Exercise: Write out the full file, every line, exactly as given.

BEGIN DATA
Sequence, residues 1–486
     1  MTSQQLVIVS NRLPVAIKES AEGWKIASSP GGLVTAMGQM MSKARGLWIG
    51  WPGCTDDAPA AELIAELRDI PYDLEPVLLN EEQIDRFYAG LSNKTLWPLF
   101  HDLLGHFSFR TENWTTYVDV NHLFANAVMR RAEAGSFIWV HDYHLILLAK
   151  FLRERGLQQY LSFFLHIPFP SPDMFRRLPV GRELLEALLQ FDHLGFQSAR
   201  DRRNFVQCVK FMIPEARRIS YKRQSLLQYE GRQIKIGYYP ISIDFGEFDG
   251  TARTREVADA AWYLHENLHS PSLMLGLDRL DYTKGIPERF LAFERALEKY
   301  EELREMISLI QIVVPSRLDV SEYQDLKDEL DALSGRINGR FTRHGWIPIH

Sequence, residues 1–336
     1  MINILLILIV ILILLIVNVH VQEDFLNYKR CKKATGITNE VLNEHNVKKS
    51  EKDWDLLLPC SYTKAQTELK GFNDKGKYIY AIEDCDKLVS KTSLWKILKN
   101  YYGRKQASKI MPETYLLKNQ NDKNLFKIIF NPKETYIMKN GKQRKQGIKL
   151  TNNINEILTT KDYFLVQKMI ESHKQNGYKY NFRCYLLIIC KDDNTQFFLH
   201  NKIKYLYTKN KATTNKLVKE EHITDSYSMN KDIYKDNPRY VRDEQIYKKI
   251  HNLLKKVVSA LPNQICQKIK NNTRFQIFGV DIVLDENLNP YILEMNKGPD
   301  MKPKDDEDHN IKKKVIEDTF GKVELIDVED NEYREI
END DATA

Sequence, residues 1–486
     1  MTSQQLVIVS NRLPVAIKES AEGWKIASSP GGLVTAMGQM MSKARGLWIG
    51  WPGCTDDAPA AELIAELRDI PYDLEPVLLN EEQIDRFYAG LSNKTLWPLF
   101  HDLLGHFSFR TENWTTYVDV NHLFANAVMR RAEAGSFIWV HDYHLILLAK
   151  FLRERGLQQY LSFFLHIPFP SPDMFRRLPV GRELLEALLQ FDHLGFQSAR
   201  DRRNFVQCVK FMIPEARRIS YKRQSLLQYE GRQIKIGYYP ISIDFGEFDG
   251  TARTREVADA AWYLHENLHS PSLMLGLDRL DYTKGIPERF LAFERALEKY
   301  EELREMISLI QIVVPSRLDV SEYQDLKDEL DALSGRINGR FTRHGWIPIH

Sequence, residues 1–336
     1  MINILLILIV ILILLIVNVH VQEDFLNYKR CKKATGITNE VLNEHNVKKS
    51  EKDWDLLLPC SYTKAQTELK GFNDKGKYIY AIEDCDKLVS KTSLWKILKN
   101  YYGRKQASKI MPETYLLKNQ NDKNLFKIIF NPKETYIMKN GKQRKQGIKL
   151  TNNINEILTT KDYFLVQKMI ESHKQNGYKY NFRCYLLIIC KDDNTQFFLH
   201  NKIKYLYTKN KATTNKLVKE EHITDSYSMN KDIYKDNPRY VRDEQIYKKI
   251  HNLLKKVVSA LPNQICQKIK NNTRFQIFGV DIVLDENLNP YILEMNKGPD
   301  MKPKDDEDHN IKKKVIEDTF GKVELIDVED NEYREI